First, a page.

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Museum of disability presentation

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This is for a school project: My class and I visited the Museum of Disabilities, where we learned a lot. I put this presentation together, to spread the information and to also advocate for no longer …

This is for a school project: My class and I visited the Museum of Disabilities, where we learned a lot. I put this presentation together, to spread the information and to also advocate for no longer using the "R-word" and to start using "people-first-language." I hope you watch this and learn a little something from it. Thanks!

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Transcript

  • 1. Museum of Disability History
    By Kate Egan
  • 2. Hey boy! you should
    stop saying the R-word…
    not only is it out of fashion,
    it’s not nice at all!
    Hahahalook
    at his wheelchair,
    what a Retard!
  • 3. I bet you don’t know how people with disabilities were treated in the old days?
    • They were used for entertainment, religious purposes, and many were feared, blamed, and punished for nothing (mistreated!)
    Entertainers bought
    & exhibited
    the “freaks”
    for a profit
    Used as court jesters in 15th century
    People with disabilities were hanged during the Salem Witch Trials
  • 4. Some “treatments” use to cure the mentally ill back then:
    Alcohol and Opium considered to be a treatment method for mental illness
    Lobotomy treatment of the frontal lobe
    The spinning treatment. Others practices included: bloodletting, purging, blistering, and frightening the patient
    Water considered to be a treatment (“hydrotherapy”)
    Mild electric shocking
  • 5. Luckily, some nice individuals took the responsibility to help people with disabilities!
    Just to name a few…
    Dorthea Dix: She advocated for separate facilities for people with
    disabilities after working in jails.
    Benjamin Franklin helped set up the Hospital in Philadelphia. It was the 1sthospital to create a section for the mentally ill and retarded. (yet it eventually mistreated the individuals)
    Anne Sullivan taught Helen Keller, whom was blind and deaf.
  • 6. Remember how great it was that hospitals, institutions, and asylums were created to treat the mentally ill?....well NOT SO GREAT!
    Let’s find out why…
    you’re going to be shocked!...
    Newark Asylum for “feeble-minded” women of child-bearing age. It tended to the "inherently promiscuous women and their crime prone offspring."
    Philadelphia Hospital
    NYS Asylum for Idiots
  • 7. Some institutions shackled patients to the wall & people could pay money to look at the “idiots”! They were even restrained & required to wear straight jackets like what I’m wearing!
    Many patients were neglected, due to the common 1 staff per 40 patients ratio
    Asylums were more like prisons for these people
    Women were sent to institutions if they were prostitutes, pregnant and had a disability, or even if they’re husbands thought them to be “unfit wives.”
  • 8. Ever hear of “Eugenics?”
    Laws were passed to sterilize people with “defective” traits: “criminals, idiots, morons feeble-minded.”
    It was named unconstitutional later in history.
    Well this guy Sir Francis Galton came up with the theory that mental and moral traits were hereditary. He advocated for the restrictions on the “breeding of the feeble minded.”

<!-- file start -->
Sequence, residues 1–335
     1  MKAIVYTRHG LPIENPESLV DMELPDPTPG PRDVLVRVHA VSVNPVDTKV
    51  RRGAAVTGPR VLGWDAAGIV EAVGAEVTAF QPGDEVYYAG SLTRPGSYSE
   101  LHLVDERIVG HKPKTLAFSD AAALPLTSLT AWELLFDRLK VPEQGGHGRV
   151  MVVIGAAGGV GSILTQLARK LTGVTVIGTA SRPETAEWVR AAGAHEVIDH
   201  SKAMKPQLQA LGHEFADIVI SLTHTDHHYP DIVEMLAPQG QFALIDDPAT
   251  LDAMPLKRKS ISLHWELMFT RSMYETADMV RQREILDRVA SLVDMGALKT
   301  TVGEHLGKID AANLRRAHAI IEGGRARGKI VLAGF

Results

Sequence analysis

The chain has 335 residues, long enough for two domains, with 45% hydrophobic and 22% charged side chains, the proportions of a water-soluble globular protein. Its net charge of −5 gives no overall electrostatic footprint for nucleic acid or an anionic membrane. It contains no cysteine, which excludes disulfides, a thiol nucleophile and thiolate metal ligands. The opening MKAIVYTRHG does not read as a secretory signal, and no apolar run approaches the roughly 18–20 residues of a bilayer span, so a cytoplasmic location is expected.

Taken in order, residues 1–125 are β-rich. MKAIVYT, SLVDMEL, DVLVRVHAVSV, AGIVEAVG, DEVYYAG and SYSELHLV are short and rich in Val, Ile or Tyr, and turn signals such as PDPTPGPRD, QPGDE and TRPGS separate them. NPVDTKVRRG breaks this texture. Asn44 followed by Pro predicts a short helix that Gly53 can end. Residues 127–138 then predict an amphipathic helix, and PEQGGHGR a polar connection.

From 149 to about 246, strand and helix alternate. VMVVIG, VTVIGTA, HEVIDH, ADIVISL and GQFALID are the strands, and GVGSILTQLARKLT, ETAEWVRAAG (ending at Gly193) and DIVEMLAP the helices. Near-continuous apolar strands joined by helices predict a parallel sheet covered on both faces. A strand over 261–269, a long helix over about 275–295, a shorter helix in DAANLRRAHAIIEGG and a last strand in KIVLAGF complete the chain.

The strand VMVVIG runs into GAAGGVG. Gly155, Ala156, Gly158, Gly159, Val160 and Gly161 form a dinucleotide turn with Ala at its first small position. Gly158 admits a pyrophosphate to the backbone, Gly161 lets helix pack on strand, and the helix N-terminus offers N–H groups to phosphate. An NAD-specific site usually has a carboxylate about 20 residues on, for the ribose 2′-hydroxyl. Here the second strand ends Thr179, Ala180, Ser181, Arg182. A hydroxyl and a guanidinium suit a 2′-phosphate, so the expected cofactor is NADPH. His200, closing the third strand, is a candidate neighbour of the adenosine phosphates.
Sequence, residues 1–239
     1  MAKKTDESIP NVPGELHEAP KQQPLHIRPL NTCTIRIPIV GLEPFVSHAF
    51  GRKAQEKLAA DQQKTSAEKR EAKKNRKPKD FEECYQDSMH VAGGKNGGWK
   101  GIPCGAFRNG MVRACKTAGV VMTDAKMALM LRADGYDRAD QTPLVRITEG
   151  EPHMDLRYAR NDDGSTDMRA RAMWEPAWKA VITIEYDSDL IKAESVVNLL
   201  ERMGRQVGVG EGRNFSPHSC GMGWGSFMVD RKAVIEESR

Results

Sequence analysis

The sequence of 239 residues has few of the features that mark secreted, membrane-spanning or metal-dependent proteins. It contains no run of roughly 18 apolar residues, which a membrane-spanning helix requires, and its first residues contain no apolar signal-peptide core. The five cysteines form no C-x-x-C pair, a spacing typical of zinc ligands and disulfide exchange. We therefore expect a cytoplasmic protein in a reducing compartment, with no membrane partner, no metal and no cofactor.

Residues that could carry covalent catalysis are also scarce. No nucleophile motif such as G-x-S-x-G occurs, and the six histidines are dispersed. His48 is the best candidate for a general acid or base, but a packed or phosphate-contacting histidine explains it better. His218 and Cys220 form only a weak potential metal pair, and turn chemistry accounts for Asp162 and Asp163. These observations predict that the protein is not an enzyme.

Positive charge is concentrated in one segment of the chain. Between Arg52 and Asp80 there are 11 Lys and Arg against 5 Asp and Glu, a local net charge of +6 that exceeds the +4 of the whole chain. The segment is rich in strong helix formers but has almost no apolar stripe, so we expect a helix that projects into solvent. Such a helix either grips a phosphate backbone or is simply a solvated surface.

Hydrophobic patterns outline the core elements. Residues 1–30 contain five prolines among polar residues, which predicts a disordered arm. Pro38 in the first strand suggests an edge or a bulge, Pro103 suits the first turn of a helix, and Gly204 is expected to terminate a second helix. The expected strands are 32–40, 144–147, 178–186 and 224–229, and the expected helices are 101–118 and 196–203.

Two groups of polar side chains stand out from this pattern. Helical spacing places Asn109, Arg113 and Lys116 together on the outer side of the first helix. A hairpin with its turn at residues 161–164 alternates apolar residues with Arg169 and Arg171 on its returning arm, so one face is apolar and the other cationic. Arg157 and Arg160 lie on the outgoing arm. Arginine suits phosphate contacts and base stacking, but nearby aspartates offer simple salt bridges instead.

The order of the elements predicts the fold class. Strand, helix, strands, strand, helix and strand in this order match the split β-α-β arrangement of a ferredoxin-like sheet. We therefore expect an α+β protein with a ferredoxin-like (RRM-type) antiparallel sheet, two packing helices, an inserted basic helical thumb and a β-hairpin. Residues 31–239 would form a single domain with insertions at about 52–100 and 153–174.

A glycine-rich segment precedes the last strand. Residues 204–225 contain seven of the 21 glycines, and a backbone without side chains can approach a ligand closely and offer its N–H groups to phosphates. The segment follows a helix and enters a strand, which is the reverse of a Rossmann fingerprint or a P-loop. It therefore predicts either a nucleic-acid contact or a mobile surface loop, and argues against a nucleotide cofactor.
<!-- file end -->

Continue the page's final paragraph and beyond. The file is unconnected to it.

Many professional embraced Galton’s theory. The world began to try and breed the “perfect race.” The Nazis took it to an extreme level with extermination.
    Immigrants with disabilities were restricted from coming into the United States
  • 9. Luckily, as time passed and more people started to advocate for the individuals with disabilities, things started to change. It’s about time! Just to name a few…
    • J.F.K. advocated for deinstitutionalization
    • 10. Acts were passed for civil rights for people
    • 11. with disabilities
    • 12. Funds were created for the people with disabilities
    • 13. More awareness was spread
    • 14. Medical advances
  • Over time, society has adjusted to people with disabilities and worked to make life less difficult for them. After all, they are humans too.
  • 15. Want to know the correct way to refer to people that have disabilities?
    It’s called “people first person language.” You should refer to the person first and then the condition they have, because after all, they are people first. The disability doesn’t define who the person is.
    For example: “a person who has a hearing impairment”
    Okay, I’ll make sure I do that from now on. I feel bad, people with disabilities were called awful names back then.
  • 16. I’m sorry about earlier, it was wrong of me. I’m going to pledge to stop saying the R-word and use people first language and I’ll tell my friends too!
    It’s okay, I’m just like you, except I can’t walk. Want to play basketball with me later?
  • 17. Spread the word
    to end the word!
    Our language frames how we think about others.
    Help eliminate the use of the R-word in everyday speech!
    R
    R
    R
    Like the Canisius College Facebook Page!
  • 18. Now what have you learned from all this?
    I learned a lot!
    I feel terrible for laughing at that boy, it was wrong of me.
    Some things I learned:
    • People with disabilities were referred to as awful names like “feeble-minded, idiots, morons, and freaks”
    • 19. I can’t believe America allowed sterilization laws to go on. That’s such a violation of those people’s rights.
    • 20. I never knew how bad the institutions could get. Those people were treated so poorly.